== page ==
Henry Suss: A tragic old Stalinist militant dies; what his life says to allies of Islamic clerical fascism now

Submitted by Anon on 24 July, 2007 - 8:40

by Sean Matgamna

"Even such is time, that takes on trust
Our youth, our joys, our all we have,
And pays us but with earth and dust;
Who, in the dark and silent grave,
When we have wandered all our ways,
Shuts up the story of our days..."
— Sir Walter Raleigh

Henry Suss, who was for 70 years a member of the Communist Party, has died at the age of 91. Suss’s political experience was representative of a whole, Jewish, layer of the Manchester working class, and of many others. Last year a big book of interviews with Suss, by Dave Chapple, about his years in the Communist Party, was published:"Henry Suss and the Jewish Working Class of Manchester and Salford". I found it a scary, and in some respects, a terrifying book.

I read what in effect are his memoirs on the evening before I went on the big London "Stop the War" demonstration against the July 2006 Israeli-Hesbullah war in the Lebanon.

What I saw on that March made me think of Suss' experience, not as a matter of history only, but as a grim warning for young political people today.

Jews had always contributed a disproportionately large contingent to the Socialist and Communist parties. In the ‘30s, in a world which threatened them with fascist oppression and annihilation, very large numbers of Jewish workers turned to “communism” — to the Stalinist organisation.

In Cheetham Hill, which had been a Jewish area since the mid 19th century,and where many Jews worked in the garment industry, the main industry in the area, the CP and its youth organisation the YCL became a mass movement.

I knew Henry Suss, though as little more than a figure to put a name to.I knew the world of Manchester's Jewish CPers (my family settled in Cheetham Hill in the mid-1950s) a generation and more behind Suss and his close comrades: like them went from school to work in one of the numerous cutting rooms on and around Derby Street; joined the garment workers union; Cheetham YCL, by then, though still sizable, and with 3 or 4 times the number of all the Trotskyists in the whole city, shrunk (Suss' daughter, Linda, was in the YCL); and, as a Trotskyist, the Labour Party.I knew some of the people Suss recalls, such as the Gadians, Sol and Abe.

In the 1950s it was then still very much a Jewish world — the rag trade, the union, the CP and YCL, and to a considerable extent the Labour Party. At meetings of CP garment workers, the conversation frequently revolved around the doings of the Jewish Ex-Servicemen’s association, where their opponents were entrenched.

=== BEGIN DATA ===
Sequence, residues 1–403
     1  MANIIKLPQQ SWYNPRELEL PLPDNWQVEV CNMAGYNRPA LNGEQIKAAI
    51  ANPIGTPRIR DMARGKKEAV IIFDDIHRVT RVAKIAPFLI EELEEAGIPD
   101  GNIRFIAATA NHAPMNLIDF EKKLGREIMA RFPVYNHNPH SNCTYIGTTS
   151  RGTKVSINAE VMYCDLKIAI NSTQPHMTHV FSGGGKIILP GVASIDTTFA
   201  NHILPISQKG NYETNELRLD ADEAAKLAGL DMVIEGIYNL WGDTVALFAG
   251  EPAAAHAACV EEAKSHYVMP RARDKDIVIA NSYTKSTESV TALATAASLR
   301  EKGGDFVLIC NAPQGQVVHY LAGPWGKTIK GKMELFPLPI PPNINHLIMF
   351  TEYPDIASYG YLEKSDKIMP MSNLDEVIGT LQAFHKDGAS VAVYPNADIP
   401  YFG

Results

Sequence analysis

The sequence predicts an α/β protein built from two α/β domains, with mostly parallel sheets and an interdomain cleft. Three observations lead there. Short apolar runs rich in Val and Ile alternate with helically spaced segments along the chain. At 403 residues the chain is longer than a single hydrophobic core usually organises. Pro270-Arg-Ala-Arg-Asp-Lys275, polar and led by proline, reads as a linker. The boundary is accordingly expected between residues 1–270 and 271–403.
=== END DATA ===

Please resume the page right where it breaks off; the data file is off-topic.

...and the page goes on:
You would still in the '50s find many traces of the once-upon-a-time mass influence of the CP in the area. I remember a foreman in one cutting room, Izzy, a decent man who in size and features looked like a pale-skinned Paul Robeson: firmly non-political now, he once playfully sang at me the Soviet Air force Song — “Flying higher and higher and higher… defending the USSR!…” — his face showing what it had once meant for him.

In the ‘30s, according to Henry Suss, even prosperous bourgeois in the area, like the car dealer Sid Abrams, gave money and the use of premises to the Communist Party.

Henry Suss got drawn into the CP when it still had something of a revolutionary movement about it. Soon in the mid-30s it turned sharply to the right, preaching a "popular front" against fascism, in which the CP, LP, the Liberal Party, and “progressive Tories”, would unite to oppose Hitler. Under Stalin’s orders this was the policy of the CPs everywhere in the world.

The CP had jumped to the right of the Labour Party’s right wing — which wanted not a coalition but a Labour government. It grew phenomenally in influence.

In August 1939 Hitler and Stalin signed an alliance to invade and carve up Poland, and Russia agreed to supply Hitler with materials for War. The CPs turned again... In their propagand, Hitler, yesterday’s fascist arch-demon, was “a man of peace”, the victim of British and French imperialism. Again the CPs were “anti-imperialist revolutionaries” —but only against the enemies of Russia’s ally Hitler.

The CP was “anti-war”, but in a highly partisan way: against Britain’s war, they were effectively pro-Hitler, propagandists for the foreign policy of Russia’s ally Germany.

When, not quite two years after the Hitler-Stalin pact, Hitler invaded Russia, the CP swung fully behind the government of the British Empire, the chief villain in their propaganda since September 1939.

Now they opposed strikes and wage claims. They organised scabbing on strikes they couldn’t stop. Party leader Harry Pollitt insisted publicly: “ Today it is the class conscious worker who will cross the picket line.” Everything for Russia and its allies!

When in 1947 and after, Britain and Russia became Cold War antagonists, the CP swung into opposition again… You will see the pattern.

In 1936, 1937 and 1938 Stalin put the surviving leaders of the Russian October Revolution on trail as traitors. Most of them were shot.